What does a bridge, no less a 'golden' one, have to do with mediation and negotiation? Well, the term is from William Ury's book, Getting Past No [here at Amazon and many others].
Building a golden bridge refers to making sure you have satisfied and overcome the the four common obstacles to an agreement: involving them in devising a solution, meeting unmet interests, helping them save face and finally making the process as simple and easy as possible.
There is much more to just making an attractive offer to the other party. If the above listed criteria are not satisfied, you might find yourself making what you think is the best offer for them, and then surprisingly they reject it.
1) Have everyone involved in the building/writing the agreement
It is known that an agreement has a greater chance to be long lasting when the parties involved in the agreement also have input into what the agreement states. Even the best agreements can fail, or not even get finalized, if a party feels that they are being shut out. Simple ways to ensure everyone is involved is to ask them questions like, "what do you think?", "how do you see it?", "what should we do?". Even if you are the one who suggested the idea earlier, do not take credit for it. You can say, "as we mentioned earlier", or to connect your comments with theirs, as Ury states, you can say something like, "building on what you said earlier...".
2) Look beyond the obvious interests (i.e. money) to include other, not-so-obvious interests
Yes, your mediation/negotiation might be about money but many times there is more to it. Satisfying the amount of money to be paid still will not get the agreement completed if other interests are not met. Remember, everyone is different and unique and thus not everyone has the same values as you. Money might be your bottom line, but they might be equally interested in saving face (the next one I discuss), the importance of the relationship and/or keeping the name of the company/business, etc.
Ury adds to make sure the basic human needs are not overlooked as well: security, recognition, and control over their own fate.
3) Saving face. Just recently I mediated a case involving thousands of dollars, and through various offers and counter offers, we were able to whittle it down to a difference of only $500. Yes, that's all it was but both sides dug their heals. Why, both wanted to save face and 'beat' the other. They had made it so far, but still needed to save face with themselves, in the eyes of the other party, and with their peers.
So how do you get beyond that? Remind yourself, and them, the only way for an agreement to be achieved is if both side's interests are being met. Also, put yourself in the other party's shoes and help them. Yes, help them!
This is a collaborative effort, so if they need to save face, give them help on how the potential agreement can do that.
Ury adds other valuable options such as seeking the advice of a neutral third party and finding a standard fairness.
Also, don't be afraid to let them take credit. On page 124, Ury mentions a great quote attributed to a Washington, D.C. politician,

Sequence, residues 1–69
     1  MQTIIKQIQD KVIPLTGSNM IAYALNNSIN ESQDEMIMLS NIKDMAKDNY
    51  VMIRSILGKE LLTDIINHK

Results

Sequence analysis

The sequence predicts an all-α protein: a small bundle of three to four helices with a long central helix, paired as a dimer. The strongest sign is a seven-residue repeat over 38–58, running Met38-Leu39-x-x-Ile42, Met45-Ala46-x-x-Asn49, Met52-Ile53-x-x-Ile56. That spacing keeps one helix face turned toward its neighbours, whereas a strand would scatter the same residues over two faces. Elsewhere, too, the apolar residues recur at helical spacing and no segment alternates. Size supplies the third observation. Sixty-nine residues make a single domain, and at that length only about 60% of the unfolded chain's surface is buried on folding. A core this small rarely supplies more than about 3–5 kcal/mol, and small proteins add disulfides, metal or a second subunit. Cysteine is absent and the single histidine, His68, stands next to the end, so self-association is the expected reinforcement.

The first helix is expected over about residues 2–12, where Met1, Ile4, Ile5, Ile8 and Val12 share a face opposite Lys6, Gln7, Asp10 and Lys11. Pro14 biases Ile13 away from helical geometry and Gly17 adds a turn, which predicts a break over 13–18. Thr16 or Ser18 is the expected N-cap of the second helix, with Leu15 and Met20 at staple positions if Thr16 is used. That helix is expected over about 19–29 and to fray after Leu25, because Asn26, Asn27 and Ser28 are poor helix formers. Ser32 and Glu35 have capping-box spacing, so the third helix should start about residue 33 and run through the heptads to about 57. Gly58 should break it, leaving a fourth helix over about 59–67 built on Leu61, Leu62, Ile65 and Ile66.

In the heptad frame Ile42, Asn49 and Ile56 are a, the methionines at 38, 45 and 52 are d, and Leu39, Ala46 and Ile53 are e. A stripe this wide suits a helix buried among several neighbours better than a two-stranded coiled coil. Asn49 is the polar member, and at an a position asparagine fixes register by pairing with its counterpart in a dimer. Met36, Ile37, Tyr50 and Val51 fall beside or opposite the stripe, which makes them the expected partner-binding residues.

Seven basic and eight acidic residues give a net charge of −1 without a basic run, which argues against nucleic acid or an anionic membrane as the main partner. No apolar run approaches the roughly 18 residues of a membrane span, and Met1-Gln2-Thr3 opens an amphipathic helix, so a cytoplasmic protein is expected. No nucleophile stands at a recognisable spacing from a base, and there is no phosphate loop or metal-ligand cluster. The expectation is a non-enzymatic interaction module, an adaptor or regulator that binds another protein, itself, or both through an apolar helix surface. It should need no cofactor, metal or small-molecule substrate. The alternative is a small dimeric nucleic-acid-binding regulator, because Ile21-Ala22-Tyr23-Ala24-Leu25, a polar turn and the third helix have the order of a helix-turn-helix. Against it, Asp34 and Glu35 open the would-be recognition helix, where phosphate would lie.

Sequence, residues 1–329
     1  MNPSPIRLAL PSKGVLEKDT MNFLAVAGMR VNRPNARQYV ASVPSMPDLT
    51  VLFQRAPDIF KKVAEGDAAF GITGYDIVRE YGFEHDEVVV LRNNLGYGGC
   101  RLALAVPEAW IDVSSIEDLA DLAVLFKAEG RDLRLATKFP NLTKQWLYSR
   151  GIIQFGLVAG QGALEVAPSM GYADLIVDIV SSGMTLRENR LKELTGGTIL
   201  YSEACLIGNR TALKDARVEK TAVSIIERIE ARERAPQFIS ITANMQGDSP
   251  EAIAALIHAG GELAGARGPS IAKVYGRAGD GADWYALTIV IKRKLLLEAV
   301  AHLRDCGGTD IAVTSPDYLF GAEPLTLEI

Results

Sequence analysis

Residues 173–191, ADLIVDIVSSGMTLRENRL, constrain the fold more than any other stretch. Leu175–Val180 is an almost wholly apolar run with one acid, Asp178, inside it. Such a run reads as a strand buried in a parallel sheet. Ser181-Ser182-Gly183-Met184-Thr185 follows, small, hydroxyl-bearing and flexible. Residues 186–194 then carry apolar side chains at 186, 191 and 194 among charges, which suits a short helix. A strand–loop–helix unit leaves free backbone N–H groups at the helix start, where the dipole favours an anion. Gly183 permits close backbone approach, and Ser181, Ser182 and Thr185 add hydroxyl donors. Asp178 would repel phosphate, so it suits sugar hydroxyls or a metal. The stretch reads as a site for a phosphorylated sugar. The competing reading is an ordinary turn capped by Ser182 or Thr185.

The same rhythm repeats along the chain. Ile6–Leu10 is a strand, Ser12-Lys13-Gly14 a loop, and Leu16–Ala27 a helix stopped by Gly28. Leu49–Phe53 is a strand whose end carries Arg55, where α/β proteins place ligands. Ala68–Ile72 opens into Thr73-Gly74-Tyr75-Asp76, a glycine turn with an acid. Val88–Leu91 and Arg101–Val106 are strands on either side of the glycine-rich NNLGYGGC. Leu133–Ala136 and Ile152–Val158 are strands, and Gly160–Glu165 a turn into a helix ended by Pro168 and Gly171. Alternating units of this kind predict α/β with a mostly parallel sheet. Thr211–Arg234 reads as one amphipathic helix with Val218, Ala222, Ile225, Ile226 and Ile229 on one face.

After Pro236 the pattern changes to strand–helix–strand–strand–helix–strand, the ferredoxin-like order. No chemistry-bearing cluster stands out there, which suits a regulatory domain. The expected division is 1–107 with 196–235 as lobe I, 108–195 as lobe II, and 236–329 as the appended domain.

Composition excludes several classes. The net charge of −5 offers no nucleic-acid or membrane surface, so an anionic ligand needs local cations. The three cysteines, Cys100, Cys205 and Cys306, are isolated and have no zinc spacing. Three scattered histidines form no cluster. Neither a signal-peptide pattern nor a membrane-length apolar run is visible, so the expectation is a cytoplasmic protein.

"There is no limit to how much you can accomplish in this town if you are willing to allow someone else to take the credit."
4) Keep it simple. Yes, keep it simple means try not to lump everything together but rather take it step by step. At times, taking care of each issue alone will help things move faster by actually going slower. Yes, I am saying go slow to go fast (I am actually repeating it, Ury said it first).
People might like to slow things down too, because getting to an agreement too fast, on what is something very important to them might make them hesitate in making that final agreement just on the fact it's happened too fast.
Finally, if issues are related, it might be better waiting to try and get commitments on each until the end.
I hope this Golden Bridge list of tips helps you in your future mediations and negotiations, I can tell you it has for me. If you do find them interesting, I highly suggest you get the book.
Jeff Thompson, Ph.D., is a professor at Lipscomb University, researcher, mediator, and trainer. He is also involved in crisis and hostage negotiation as well as a law enforcement detective. His research includes law enforcement crisis and hostage negotiation in terrorist incidents. He received his doctorate from Griffith University Law School having researched the impact nonverbal communication has in conflict situations with respect to developing rapport, building trust, and displaying professionalism.
Dr. Thompson has presented and trained on the topic of conflict, mediation, (crisis and hostage) negotiation, communication and nonverbal communication internationally for a variety of audiences including police personnel, government officials, judges, attorneys, physicians, sales people, business professionals, and both graduate and undergraduate students. He has also been published in numerous professional and academic publications.
He is the co-chair of ACR's national Crisis Negotiation Section, and he is an ad-hoc reviewer for multiple academic journals. He received his MS in Negotiation and Dispute Resolution from the Werner Institute, Creighton University School of Law.
(All posts by Jeff Thompson represent his personal reflections and opinions and not that of any organization.)